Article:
"It was bad enough for gridlocked Northern Virginia that leaders in Richmond failed this week to come up with a transportation funding plan, but there's even worse news: There's no Plan B. The result will be more congested roads, crowded trains and possibly an exodus of jobs from the region, officials said yesterday."
Thus began a story by the ever thoughtful Eric Weiss and Michael Laris in Saturday's Washington Post about the consequences for Northern Virginia on the failure of our elected officials to successfully deal with transportation funding issues (Hope for The Best, Expect The Worst, July 12). Weiss and Laris document the opportunities lost to partisan bickering for an infusion of needed dollars that would help Northern Virginia climb out of the second-worst traffic congestion in the nation. Local officials worry about Northern Virginia's competitiveness with other areas and cite companies moving away from Atlanta's traffic-clogged roads as a cautionary tale. But what really struck me about the story though was the statement that "there's no Plan B." True enough.
There doesn't seem to be any Plan B other than to hope for the political players to change next election and to try again next year. However, there are indeed things Northern Virginia could do more of to help alleviate traffic congestion, and help our environment at the same time, in the relatively short-term. It's called TDM (transportation (or travel) demand management). It's fairly inexpensive when compared to building additional supply (roads and transit) and it can be implemented much more quickly than capital intensive projects. Don't take my word for it. According to the Transportation Research Board:
"Many studies that have compared mobility and air quality strategies have concluded that demand management strategies are among the most cost-effective in that they can reduce a trip, mile of travel or ton of emissions for a relatively modest amount of money. Demand-side strategies may not be the primary solution to these problems, but if they are applied in the right situation, they can help address traffic and air pollution problems in modest, yet very affordable way.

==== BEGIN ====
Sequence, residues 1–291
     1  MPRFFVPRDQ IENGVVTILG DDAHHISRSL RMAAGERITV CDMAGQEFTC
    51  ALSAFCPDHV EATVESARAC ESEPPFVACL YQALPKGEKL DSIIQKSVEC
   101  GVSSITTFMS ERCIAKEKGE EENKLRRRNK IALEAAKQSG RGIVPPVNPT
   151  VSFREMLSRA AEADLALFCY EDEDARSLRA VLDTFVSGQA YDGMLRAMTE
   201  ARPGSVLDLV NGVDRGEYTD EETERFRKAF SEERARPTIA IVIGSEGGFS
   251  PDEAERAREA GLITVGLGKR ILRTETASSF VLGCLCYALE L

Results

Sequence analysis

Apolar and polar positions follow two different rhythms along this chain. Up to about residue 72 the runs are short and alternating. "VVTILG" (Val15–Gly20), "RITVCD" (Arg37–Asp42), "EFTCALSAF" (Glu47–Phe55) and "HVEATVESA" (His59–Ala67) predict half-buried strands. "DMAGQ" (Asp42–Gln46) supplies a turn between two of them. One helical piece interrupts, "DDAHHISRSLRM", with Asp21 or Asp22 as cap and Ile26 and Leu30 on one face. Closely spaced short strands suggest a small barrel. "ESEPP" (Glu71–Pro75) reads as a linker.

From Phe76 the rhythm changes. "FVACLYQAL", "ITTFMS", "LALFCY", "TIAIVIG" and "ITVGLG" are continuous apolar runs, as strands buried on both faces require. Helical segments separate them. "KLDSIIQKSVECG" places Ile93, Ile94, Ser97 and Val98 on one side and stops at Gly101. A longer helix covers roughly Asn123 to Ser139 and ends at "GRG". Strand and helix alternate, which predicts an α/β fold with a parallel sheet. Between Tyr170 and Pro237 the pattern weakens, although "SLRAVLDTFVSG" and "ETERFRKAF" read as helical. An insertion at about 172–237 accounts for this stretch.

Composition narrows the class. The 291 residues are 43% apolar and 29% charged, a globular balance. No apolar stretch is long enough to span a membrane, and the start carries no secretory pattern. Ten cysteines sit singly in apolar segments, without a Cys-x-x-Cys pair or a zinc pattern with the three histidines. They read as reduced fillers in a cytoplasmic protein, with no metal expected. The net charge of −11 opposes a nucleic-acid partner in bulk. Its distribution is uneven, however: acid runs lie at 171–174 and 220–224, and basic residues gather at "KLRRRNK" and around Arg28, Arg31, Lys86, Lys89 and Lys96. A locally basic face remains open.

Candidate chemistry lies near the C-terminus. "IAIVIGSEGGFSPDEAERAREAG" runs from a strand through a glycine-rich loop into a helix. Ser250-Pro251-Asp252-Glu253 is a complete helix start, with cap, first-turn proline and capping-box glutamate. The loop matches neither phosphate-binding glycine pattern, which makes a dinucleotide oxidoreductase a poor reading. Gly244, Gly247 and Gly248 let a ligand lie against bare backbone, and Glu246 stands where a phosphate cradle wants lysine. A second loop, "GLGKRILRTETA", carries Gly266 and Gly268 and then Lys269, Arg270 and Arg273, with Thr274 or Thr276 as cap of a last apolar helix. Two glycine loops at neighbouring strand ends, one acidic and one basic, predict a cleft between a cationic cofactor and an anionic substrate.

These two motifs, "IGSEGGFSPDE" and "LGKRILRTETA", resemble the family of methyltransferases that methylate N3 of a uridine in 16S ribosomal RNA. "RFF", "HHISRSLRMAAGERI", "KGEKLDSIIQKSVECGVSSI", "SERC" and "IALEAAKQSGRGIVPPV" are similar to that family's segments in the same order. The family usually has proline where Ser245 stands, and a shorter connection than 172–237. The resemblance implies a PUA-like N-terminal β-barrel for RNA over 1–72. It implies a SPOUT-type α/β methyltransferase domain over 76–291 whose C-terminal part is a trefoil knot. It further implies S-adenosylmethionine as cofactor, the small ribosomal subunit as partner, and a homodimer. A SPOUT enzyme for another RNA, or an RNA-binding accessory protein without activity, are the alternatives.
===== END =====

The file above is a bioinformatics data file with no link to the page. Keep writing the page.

So what is TDM? Managing demand encourages travelers to change their travel mode from driving alone to a shared ride, public transit, bike, walk or other alternatives like telework. It also encourages those who do drive to make informed choices of travel route, time and location. (Here's one local example of how you get people to do this). These strategies help us get the best we can out of our existing roads and transit infrastructure. Simple enough. So TDM could be our Plan B, right?
I think it is fair to say that if our region is going to maintain its quality of life and it's competitiveness we need to invest more money in transportation infrastructure from transit to bike facilities to roads and more walkable streetscapes. Using TDM should always be part of the mix to get the most out of these facilities. But for the short-term, if there isn't the hundreds of millions we need and expected on the supply-side, shouldn't we be putting more money than we currently are, maybe tens of millions, into TDM as our Plan B? Surely we can come up with that relatively small amount.
Northern Virginia, the region and most places across the U.S. woefully underfund demand-side strategies. I'm not sure why. Perhaps because it's the softer side of transportation, because it is less understood or newer. Other than in Arlington and parts of Montgomery County the staff and resources allocated to TDM across the region is a pittance compared to what is spent on the supply side of transportation. And Arlington and Montgomery - as good of models as they are - could be doing a whole lot more if they had the resources. It's time the politicians and transportation planners put some real money into the demand side. Doubling or even tripling the budgets of local and regional (Commuter Connections) TDM agencies annually would be equivalent to the cost of enhancing one traffic interchange. The results could help us better get through these tough times. It could be our Plan B.
In some near future posts I'll begin to explore some specific examples. In the meantime there are some resources below for folks that want to learn more.
- Arlington County Commuter Services (TDM done right)
- Montgomery County Commuter Services (Another great example of TDM done right)
- TDM Strategies from the Victoria Transport Policy Institute
- Mitigating Traffic Congestion. The Role of Demand-Side Strategies. By U.S. DOT & ACT
- Analyzing the Effectiveness of Commuter Benefits Programs - Transportation Research Board Report
- ACT - Association for Commuter Transportation - the TDM's industry's professional trade association
- UITP - International Association of Public Transport
- CUTR - Center for Urban Transportation Research
- ACCS TDM Research Center - local research into TDM
- This is Smart Growth, Chapter 6: Freedom to Choose How We Get Around. Published by the Smart Growth Network
- Vanquishing the Density Demon - Jim Bacon's great take on TDM
Chris Hamilton is the Commuter Services Chief for Arlington County, manager of CommuterPageBlog and The TDM Professional blog and is a biking/Metrorail commuter from Alexandria, Virginia just outside of Washington, D.C.